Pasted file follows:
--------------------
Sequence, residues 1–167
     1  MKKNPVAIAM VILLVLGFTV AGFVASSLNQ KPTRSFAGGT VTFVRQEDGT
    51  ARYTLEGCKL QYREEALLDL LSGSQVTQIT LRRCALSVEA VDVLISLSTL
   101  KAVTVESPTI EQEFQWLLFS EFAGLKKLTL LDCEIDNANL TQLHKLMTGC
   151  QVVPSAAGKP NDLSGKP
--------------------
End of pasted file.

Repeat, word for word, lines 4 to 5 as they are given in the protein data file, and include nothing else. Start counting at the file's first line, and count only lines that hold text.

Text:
   101  KAVTVESPTI EQEFQWLLFS EFAGLKKLTL LDCEIDNANL TQLHKLMTGC
   151  QVVPSAAGKP NDLSGKP